Well, think of your last series of PPES (Pre-Public Exams). Did you isolate the skills required to answer the questions successfully and use the Direct Instruction and Modelling methods to practise answering questions in the less-threatening environment of your classroom as a regular part of learning?

Or, did you fill your students full of the facts and the kind of things that they should put in their answers, tell them to revise and then send them out to dive straight in?

Well done if you chose the first – you’re onto something.

Paddy often reminds me of how stressful exams are for our young people, and how the best way to achieve exam success is to take away the stress – like he takes it away in sparring sessions.

“They turn over the paper, and what do they feel?” he asks me. “Fear and stress,” he says answering his own question.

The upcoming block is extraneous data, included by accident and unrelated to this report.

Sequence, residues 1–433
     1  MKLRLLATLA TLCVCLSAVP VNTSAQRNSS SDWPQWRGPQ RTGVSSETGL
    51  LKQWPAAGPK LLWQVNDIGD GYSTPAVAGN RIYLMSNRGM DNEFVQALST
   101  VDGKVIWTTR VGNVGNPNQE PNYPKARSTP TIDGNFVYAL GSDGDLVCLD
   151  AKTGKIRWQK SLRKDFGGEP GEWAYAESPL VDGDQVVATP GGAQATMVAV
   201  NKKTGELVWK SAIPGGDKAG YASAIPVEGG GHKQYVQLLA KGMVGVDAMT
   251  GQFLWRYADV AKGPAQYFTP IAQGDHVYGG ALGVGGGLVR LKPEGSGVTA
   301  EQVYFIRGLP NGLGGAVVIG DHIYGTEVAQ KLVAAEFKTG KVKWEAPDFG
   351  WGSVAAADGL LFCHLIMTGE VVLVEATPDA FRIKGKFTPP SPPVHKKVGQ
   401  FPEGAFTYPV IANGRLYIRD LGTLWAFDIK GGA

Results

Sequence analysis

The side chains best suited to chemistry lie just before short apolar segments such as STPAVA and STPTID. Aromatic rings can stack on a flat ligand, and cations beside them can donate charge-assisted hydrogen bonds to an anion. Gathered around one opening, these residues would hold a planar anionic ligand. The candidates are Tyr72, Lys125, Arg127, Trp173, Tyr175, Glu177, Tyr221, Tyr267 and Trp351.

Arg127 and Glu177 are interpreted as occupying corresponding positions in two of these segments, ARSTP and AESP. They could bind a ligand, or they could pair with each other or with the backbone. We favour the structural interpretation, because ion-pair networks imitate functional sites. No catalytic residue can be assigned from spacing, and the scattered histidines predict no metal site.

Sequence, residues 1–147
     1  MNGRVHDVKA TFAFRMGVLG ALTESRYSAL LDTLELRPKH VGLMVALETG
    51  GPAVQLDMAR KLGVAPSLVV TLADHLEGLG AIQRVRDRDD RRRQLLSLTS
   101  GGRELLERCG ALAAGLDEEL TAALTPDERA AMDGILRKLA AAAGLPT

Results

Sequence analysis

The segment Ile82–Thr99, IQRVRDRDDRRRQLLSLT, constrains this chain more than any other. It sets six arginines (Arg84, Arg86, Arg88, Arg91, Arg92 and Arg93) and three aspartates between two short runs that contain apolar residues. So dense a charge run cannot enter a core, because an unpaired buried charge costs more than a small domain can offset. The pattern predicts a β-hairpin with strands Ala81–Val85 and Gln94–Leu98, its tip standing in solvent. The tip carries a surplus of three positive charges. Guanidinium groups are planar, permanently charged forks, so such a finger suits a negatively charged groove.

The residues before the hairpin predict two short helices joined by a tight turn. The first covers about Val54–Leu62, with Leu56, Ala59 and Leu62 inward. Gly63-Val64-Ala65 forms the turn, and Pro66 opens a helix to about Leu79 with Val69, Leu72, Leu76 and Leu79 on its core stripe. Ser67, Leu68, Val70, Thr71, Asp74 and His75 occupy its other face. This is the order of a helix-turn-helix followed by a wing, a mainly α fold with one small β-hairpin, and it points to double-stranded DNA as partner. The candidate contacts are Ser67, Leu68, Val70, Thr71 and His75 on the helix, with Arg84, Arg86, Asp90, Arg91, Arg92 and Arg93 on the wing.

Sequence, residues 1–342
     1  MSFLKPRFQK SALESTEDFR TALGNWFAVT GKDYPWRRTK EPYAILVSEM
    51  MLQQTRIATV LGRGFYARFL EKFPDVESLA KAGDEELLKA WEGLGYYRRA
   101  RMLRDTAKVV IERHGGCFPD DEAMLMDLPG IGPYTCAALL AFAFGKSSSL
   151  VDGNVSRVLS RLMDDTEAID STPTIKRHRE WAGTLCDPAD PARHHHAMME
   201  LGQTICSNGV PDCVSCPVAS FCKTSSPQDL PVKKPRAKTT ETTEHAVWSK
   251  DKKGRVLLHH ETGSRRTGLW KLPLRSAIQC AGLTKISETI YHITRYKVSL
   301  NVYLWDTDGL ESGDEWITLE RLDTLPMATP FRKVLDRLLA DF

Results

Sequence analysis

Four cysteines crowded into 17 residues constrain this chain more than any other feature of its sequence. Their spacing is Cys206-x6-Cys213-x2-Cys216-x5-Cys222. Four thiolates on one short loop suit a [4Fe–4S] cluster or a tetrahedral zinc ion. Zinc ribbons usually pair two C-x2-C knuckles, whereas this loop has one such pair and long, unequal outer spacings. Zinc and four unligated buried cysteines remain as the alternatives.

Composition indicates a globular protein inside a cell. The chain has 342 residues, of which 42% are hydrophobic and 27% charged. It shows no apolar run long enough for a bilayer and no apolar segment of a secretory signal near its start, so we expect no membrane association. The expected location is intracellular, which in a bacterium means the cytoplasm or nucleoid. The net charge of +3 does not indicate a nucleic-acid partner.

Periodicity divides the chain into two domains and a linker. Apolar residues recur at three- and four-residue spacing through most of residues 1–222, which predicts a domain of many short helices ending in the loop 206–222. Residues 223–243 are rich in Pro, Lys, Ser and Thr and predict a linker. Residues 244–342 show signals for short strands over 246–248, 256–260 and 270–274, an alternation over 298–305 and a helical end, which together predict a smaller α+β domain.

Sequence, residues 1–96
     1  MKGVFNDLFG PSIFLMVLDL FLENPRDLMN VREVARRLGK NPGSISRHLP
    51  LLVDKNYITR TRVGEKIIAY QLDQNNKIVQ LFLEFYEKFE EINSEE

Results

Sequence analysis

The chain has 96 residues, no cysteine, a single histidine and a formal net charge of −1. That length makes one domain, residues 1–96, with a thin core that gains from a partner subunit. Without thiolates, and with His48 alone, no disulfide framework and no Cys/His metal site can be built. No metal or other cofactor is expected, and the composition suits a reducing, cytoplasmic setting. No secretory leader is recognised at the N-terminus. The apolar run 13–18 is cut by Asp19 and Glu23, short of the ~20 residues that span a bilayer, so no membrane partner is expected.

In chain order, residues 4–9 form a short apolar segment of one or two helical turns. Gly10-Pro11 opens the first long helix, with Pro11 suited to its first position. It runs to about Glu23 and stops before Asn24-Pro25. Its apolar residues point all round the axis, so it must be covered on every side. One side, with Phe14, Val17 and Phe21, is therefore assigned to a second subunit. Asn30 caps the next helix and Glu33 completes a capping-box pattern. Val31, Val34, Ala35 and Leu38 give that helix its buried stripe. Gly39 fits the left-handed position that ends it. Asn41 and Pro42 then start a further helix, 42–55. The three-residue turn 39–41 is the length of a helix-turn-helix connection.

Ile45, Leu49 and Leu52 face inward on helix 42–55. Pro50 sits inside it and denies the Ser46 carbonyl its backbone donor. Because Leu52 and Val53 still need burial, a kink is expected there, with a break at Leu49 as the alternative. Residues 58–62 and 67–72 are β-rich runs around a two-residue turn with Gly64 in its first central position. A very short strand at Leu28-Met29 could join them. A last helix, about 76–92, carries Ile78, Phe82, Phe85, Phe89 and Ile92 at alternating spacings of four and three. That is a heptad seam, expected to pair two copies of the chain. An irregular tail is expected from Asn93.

“And how do you take that away?” he asks in a quick combination of rhetorical questions and answers. “You do it through isolating skills and taking away fear through repetition and practice. This gives the kids confidence in themselves, and you as a teacher too.”

“Well Teach,” he stops abruptly, “we’ve talked enough now and it’s time for you to Practise Perfect. So get on the bags and make sure you work on your movement in the ring to protect that nose of yours.”

So, that’s it for the fistic facts this week colleagues and friends.

Don’t think that “practise makes perfect”. It’s the right practice – “Practice Perfect” that will make the difference.

So I’ll practise what I intend to do next time I spar, even though I have Charles “Sonny” Liston’s words ringing in my ears, “Everyone has a plan, until I hit them in the face.”

Wish me luck!


Lee Simpson is director of learning and strategic partnerships at Denefield School, and secondary programme lead for the Berkshire Teaching Alliance. He trains at Fitzpatrick’s Boxing Gym in Swindon.

This feature is the latest instalment in his Pugilistic Pedagogy series, on how taking up boxing has informed his teaching. Click these links to read Part 1, Part 2 and Part 3.